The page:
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Re: What spooks Microsoft's chief security advisor




Re: What spooks Microsoft's chief security advisor
Re: What spooks Microsoft's chief security advisor



Forwarded from: security curmudgeon 

: http://www.networkworld.com/news/2008/032608-microsoft-security-concerns.html 
:
: By Bob Brown

[..]

: Speaking at the Boston SecureWorld conference Wednesday, the 19-year 
: Microsoft veteran whose job includes protecting enterprises, 
: developers and Microsoft itself said there actually is plenty of good 
: news on the security front. For example, his outfit scans a half 
: million devices (with customer permission) per month and in the first 
: half of last year saw the first period-over-period decline in new 
: vulnerabilities disclosed across Microsoft and non-Microsoft software 
: since 2003.
:
: However, 3,400 new vulnerabilities were discovered and "it's still a 
: big number," Arsenault says. .So if vulnerability rates are down, 
: where are they?.

Oh where to begin..

The drop in vulnerabilities disclosed in 2007 seems to be a 'fact' that 
many journalists and some industry denizens latched on to at some point 
over the last few months. As with many statistics/metrics, once boiled 
down to a soundbyte they lose a lot of the caveats, disclaimers and 
warnings.

The number '3400' likely comes from CVE/NVD which is a specialized 
vulnerability database (VDB) designed to assign a tracking number and 
standard naming scheme to vulnerabilities. In doing so, CVE will merge 
multiple vulnerabilities into a single entry if the vulnerability is 
essentially the same (10 scripts all vulnerable to RFI) or if there is 
no actionable information due to a vague disclosure (10 Oracle vulns). 
Even though one CVE may have as many as 80 or more distinct 
vulnerabilities, they get counted as *1* vulnerability by many people 
using CVE as their source for vulnerability disclosure metrics.

What happens when you take the 3,400 from CVE and expand it to account 
for the above, and then throw in vulnerabilities that they did not 
catalog due to a lack of resources? At least 8,252 in 2007 that I know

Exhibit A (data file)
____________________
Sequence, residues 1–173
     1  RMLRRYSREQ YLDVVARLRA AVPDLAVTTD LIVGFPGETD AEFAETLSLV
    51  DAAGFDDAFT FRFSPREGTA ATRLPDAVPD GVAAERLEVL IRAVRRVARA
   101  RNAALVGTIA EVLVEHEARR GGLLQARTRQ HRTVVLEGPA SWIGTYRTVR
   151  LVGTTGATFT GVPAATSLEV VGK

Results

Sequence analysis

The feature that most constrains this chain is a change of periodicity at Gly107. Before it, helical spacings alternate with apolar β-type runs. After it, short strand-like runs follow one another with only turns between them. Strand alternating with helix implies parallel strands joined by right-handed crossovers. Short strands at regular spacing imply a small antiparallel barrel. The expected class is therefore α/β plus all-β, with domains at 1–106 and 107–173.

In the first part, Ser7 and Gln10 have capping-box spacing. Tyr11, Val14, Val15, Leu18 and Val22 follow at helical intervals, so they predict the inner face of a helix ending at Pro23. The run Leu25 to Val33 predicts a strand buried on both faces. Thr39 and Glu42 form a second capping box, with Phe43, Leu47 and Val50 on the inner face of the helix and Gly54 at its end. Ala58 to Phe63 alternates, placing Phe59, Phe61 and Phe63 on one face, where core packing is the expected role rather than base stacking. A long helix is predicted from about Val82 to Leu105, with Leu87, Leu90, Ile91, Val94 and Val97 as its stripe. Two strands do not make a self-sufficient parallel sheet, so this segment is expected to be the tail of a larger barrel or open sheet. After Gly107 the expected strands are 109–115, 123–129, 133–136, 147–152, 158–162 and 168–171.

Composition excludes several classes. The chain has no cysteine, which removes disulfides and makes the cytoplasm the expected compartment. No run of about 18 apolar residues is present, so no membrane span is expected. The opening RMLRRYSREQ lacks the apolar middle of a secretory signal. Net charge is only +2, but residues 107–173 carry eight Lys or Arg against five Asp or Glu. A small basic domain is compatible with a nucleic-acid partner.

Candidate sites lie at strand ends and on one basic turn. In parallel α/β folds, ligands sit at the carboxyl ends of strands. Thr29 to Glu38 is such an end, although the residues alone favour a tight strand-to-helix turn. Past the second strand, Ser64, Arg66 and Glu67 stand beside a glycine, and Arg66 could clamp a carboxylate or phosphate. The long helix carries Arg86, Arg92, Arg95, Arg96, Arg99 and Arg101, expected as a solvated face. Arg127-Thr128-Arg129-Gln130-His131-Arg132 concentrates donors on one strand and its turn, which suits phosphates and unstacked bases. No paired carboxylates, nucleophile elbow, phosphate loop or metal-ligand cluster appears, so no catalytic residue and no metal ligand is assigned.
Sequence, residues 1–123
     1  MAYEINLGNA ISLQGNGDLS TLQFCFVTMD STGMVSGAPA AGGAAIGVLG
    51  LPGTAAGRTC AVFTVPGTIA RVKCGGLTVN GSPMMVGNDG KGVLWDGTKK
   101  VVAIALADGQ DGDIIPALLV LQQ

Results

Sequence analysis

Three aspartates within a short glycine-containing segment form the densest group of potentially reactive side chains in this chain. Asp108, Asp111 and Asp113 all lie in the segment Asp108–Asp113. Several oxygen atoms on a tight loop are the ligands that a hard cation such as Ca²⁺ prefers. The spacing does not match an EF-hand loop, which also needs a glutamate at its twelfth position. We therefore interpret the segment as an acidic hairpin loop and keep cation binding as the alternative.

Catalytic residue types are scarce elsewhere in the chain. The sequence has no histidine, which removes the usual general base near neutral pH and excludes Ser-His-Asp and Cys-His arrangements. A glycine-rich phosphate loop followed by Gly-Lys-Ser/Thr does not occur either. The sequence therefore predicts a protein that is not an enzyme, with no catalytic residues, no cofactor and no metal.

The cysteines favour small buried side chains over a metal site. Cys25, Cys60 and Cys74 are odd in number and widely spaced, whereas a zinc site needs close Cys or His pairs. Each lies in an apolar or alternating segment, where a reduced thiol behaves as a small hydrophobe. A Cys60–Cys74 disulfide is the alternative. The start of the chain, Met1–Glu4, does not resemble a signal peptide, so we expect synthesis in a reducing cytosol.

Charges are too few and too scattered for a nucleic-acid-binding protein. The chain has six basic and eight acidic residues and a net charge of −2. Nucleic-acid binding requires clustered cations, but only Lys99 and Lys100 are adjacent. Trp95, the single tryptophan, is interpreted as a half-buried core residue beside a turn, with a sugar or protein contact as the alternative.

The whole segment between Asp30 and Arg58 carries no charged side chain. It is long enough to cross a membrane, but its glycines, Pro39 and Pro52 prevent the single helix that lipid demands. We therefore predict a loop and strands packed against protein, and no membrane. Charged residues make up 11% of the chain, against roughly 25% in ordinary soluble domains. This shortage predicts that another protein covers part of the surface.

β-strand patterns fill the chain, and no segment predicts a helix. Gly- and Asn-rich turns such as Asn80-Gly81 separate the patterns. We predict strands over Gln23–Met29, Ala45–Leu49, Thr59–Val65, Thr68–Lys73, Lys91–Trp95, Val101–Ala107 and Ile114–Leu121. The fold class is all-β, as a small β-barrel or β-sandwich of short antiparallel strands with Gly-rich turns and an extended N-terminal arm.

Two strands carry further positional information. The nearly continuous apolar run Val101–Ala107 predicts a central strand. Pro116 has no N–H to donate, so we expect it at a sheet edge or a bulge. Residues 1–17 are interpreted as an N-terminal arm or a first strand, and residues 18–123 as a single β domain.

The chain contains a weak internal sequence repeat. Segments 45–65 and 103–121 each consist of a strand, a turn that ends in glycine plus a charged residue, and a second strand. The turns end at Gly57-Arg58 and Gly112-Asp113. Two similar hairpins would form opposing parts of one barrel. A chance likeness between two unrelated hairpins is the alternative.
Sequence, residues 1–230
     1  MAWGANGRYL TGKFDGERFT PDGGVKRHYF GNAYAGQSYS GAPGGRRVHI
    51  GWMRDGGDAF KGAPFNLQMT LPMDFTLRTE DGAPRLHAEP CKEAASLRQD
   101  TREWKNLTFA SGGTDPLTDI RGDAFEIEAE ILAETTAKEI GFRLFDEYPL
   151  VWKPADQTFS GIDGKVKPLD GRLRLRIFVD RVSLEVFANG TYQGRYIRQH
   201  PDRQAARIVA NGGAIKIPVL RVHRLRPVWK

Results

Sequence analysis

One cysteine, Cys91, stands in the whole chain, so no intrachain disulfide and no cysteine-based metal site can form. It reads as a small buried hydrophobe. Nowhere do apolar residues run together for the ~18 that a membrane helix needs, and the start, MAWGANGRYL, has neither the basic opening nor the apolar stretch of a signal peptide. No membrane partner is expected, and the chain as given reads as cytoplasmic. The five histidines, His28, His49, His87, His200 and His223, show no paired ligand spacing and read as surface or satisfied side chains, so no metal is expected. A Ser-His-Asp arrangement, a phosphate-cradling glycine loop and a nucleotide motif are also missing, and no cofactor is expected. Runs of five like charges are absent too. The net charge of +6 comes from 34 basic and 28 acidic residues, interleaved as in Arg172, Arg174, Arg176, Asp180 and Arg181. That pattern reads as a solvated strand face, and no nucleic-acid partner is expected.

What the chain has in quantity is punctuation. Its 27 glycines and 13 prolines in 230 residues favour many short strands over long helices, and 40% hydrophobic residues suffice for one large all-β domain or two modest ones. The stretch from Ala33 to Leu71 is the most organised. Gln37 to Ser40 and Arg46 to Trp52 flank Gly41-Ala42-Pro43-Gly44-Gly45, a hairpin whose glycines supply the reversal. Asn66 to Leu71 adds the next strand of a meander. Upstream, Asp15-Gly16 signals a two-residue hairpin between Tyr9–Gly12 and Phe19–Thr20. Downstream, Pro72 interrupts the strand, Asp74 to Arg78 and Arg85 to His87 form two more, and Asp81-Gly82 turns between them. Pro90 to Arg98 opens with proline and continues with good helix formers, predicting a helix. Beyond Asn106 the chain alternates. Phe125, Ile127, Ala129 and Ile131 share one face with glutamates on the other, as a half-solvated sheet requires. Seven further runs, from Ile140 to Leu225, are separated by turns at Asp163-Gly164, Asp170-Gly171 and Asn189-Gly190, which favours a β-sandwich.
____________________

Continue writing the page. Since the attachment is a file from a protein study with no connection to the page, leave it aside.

of. Yes, that is 'down' from the previous year (10,553) but still 
doesn't consider changes in the vulnerability disclosure world. The 
value of working 0-day has gone up and the incentive to disclose is 
going down. In addition to financial value of such information, the 
threat of lawsuit from vendors, the trends in disclosure (it's no longer 
"RFI year") and the resources assigned to track all of this, there are a 
lot more factors that must be considered before throwing such numbers 
out. To do so is irresponsible and misleading at best.

Next, Arsenault slips up even worse by saying "3,400 new vulnerabilities 
were DISCOVERED" which is just blatantly false. We know vulnerabilities 
are discovered and not disclosed. Sometimes they are used for the 
dreaded "0-day", sometimes they are quietly fixed by the vendor. Either 
way, the number of vulnerabilities in any VDB is not a reflection on 
what was discovered, just what was disclosed in specific forums.

: One trend that pops out is that attackers are increasingly laying off 
: operating systems and exploiting applications instead. One reason for 
: this, Arsenault says, is that vendors like Microsoft, Apple and RedHat 
: have done a good job in recent years securing the IP stack and 
: operating system.

Or one may argue that increasingly, these operating systems and TCP/IP 
stacks sit behind cheap routers provided with broadband access. You can 
no longer remotely pop a Windows box as easy as you could years ago 
simply because you can't pass traffic directly to it.

Since the applications are originating the connection outbound, the 
router is happily passing traffic back to it per the user's request. The 
exploit vector is much more likely to work. Even better, that fancy 
browser based bug may be cross-platform!

: "This is not a problem that people should be thinking is just an 
: Office problem," he said. "It's anybody who uses file formats that are 
: not XML based going forward." Adobe, Corel and Google are among others 
: facing similar challenges, Arsenault said.

Uh, is Arsenault implying that using XML is somehow safe from file 
handling vulnerabilities?

Apple Mac OS X Foundation NSXML XML File Handling Arbitrary Code 
Execution - http://cve.mitre.org/cgi-bin/cvename.cgi?name 08-0059 

Opera XML Document Handling Crafted Attribute Sanitization Filter Bypass 
http://cve.mitre.org/cgi-bin/cvename.cgi?name 08-1082 

Mozilla Multiple Products XML Document XMLDocument.cloneNode() Function 
Arbitrary Script Code Execution 
http://cve.mitre.org/cgi-bin/cvename.cgi?name 08-0415 

: On a positive note, Microsoft is seeing the amount of publicly 
: exploitable code, at least for its own software, shrink. But Arsenault 
: does sweat over whether there.s really less exploitable code, or 
: whether it.s more a case of such code just being kept secret by nation 
: states looking to wage cyberwar.

See above. There is a serious financial value to working exploit code 
for such vulnerabilities. Even the most public pay-for-vuln shops like 
iDefense and TippingPoint/ZDI will pay *tens of thousands of dollars* 
for Microsoft Windows exploit code.


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